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The Black Robe

The Introduction To Romayne
"EXCEPTING my employment here in the library," Father Benwell began, "and
some interesting conversation with Lord Loring, to which I shall presently
allude, I am almost as great a stranger in this house, Arthur, as yourself.
When the object which we now have in view was first taken seriously into
consideration, I had the honor of being personally acquainted with Lord
Loring. I was also aware that he was an intimate and trusted friend of
Romayne. Under these circumstances, his lordship presented himself to our
point of view as a means of approaching the owner of Vange Abbey without
exciting distrust. I was charged accordingly with the duty of establishing
myself on terms of intimacy in this house. By way of making room for me, the
spiritual director of Lord and Lady Loring was removed to a cure of souls in
Ireland. And here I am in his place! By-the-way, don't treat me (when we are
in the presence of visitors) with any special marks of respect. I am not
Provincial of our Order in Lord Loring's house--I am one of the inferior
Penrose looked at him with admiration. "It is a great sacrifice to make,
Father, in your position and at your age."
"Not at all, Arthur. A position of authority involves certain temptations to
pride. I feel this change as a lesson in humility which is good for me. For
example, Lady Loring (as I can plainly see) dislikes and distrusts me. Then,
again, a young lady has recently arrived here on a visit. She is a Protestant,
with all the prejudices incident to that way of thinking--avoids me so carefully,
poor soul, that I have never seen her yet. These rebuffs are wholesome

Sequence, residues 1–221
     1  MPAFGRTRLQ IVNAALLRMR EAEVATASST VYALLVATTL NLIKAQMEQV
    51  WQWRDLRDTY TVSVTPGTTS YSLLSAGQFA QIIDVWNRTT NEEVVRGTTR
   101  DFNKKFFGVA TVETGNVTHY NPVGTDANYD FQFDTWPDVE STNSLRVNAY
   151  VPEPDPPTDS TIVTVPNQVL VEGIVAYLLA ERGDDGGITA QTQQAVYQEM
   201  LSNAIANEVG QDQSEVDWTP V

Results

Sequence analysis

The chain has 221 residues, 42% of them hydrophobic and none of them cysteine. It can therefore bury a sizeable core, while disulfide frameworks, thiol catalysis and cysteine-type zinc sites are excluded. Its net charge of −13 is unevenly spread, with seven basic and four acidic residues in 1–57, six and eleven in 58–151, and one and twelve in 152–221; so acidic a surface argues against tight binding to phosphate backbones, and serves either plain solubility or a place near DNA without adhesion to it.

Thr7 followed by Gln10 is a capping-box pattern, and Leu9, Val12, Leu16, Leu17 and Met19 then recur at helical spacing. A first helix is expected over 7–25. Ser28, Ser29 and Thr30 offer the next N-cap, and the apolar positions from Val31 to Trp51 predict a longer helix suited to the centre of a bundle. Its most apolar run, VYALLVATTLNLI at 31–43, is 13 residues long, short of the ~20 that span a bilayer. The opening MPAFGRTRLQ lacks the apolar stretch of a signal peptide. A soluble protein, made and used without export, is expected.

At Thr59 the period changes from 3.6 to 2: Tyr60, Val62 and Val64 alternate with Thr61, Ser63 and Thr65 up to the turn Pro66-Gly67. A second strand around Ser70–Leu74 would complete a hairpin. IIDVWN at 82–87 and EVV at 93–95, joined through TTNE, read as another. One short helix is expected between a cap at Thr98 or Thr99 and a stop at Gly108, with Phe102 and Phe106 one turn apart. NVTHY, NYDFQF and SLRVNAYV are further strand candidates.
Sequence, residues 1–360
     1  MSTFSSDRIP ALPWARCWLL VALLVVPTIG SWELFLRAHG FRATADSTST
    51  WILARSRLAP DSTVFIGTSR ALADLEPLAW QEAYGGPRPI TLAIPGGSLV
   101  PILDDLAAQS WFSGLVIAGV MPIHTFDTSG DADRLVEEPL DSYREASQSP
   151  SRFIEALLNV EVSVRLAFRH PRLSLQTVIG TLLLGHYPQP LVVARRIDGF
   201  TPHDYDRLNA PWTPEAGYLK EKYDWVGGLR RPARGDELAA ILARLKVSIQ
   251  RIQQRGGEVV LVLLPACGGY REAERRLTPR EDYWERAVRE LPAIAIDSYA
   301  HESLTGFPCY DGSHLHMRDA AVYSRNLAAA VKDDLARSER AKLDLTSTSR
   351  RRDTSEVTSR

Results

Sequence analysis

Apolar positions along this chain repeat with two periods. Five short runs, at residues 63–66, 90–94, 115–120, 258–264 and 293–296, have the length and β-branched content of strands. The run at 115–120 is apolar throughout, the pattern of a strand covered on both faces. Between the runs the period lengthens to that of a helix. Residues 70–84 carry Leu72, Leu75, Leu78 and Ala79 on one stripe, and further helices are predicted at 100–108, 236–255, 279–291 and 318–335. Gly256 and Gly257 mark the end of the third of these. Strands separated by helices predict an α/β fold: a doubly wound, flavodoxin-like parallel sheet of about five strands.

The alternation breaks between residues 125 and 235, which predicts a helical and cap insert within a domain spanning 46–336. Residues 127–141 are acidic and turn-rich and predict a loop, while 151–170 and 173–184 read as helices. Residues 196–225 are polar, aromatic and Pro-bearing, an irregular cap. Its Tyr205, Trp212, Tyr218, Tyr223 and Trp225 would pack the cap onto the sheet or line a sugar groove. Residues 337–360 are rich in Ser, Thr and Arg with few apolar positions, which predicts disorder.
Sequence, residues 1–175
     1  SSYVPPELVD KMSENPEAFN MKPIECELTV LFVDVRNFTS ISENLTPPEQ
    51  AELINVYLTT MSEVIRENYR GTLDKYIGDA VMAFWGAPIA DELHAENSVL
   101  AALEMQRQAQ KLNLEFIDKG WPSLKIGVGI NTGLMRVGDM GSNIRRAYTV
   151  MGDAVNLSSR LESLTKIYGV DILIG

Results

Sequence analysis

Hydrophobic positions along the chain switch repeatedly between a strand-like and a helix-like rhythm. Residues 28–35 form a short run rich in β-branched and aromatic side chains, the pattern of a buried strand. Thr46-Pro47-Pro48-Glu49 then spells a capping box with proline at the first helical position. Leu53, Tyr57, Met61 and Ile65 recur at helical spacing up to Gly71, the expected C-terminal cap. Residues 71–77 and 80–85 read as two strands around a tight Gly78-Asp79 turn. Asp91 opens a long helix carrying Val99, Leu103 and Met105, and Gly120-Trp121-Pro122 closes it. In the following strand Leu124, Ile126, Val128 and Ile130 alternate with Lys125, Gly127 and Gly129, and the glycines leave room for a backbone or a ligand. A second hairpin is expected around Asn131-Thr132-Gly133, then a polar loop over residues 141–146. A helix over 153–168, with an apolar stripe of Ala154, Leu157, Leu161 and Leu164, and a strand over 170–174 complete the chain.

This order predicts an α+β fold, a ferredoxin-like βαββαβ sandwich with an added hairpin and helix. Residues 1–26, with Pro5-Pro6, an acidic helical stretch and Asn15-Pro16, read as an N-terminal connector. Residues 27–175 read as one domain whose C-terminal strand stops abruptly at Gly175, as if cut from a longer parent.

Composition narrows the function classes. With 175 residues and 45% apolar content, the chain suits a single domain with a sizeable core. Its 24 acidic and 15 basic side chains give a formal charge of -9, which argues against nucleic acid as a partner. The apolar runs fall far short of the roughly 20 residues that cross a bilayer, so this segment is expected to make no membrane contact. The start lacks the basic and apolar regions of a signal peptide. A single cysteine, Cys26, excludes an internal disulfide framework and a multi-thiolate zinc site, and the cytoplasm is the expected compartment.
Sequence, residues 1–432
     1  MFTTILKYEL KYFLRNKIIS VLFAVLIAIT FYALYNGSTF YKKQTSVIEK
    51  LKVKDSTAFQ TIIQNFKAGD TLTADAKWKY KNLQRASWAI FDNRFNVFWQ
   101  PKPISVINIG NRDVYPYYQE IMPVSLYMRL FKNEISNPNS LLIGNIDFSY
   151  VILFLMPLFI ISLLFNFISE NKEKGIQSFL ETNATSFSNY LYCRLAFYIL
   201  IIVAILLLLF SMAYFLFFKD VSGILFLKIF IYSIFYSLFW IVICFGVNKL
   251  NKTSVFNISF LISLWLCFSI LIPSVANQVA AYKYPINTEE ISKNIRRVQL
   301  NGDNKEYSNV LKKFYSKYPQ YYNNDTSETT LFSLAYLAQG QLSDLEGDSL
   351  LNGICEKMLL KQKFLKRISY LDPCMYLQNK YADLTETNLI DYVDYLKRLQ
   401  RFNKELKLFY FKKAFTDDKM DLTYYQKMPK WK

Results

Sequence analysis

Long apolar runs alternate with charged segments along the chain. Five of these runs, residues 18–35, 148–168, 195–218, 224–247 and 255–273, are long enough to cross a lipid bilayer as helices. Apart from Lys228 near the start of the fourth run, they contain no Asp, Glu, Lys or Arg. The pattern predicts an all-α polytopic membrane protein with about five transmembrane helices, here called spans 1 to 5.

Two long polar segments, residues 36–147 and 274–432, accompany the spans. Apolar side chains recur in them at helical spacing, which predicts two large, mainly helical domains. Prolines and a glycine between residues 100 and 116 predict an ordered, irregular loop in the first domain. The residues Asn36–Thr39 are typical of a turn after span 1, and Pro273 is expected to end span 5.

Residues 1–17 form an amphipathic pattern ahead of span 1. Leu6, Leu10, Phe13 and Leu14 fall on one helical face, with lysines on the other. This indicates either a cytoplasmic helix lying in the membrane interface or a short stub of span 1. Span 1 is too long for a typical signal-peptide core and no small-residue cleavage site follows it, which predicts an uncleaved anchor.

reminders of his fallible human nature, to a man who has occupied a place of
high trust and command. Besides, there have been obstacles in my way
which have had an excellent effect in rousing my energies. How do you feel,
Arthur, when you encounter obstacles?"
"I do my best to remove them, Father. But I am sometimes conscious of a
sense of discouragement."
"Curious," said Father Benwell. "I am only conscious, myself, of a sense of
impatience. What right has an obstacle to get in my way?--that is how I look
at it. For example, the first thing I heard, when I came here, was that
Romayne had left England. My introduction to him was indefinitely delayed; I
had to look to Lord Loring for all the information I wanted relating to the man
and his habits. There was another obstacle! Not living in the house, I was
obliged to find an excuse for being constantly on the spot, ready to take
advantage of his lordship's leisure moments for conversation. I sat down in
this room, and I said to myself, 'Before I get up again, I mean to brush these
impertinent obstacles out of my way!' The state of the books suggested the
idea of which I was in search. Before I left the house, I was charged with the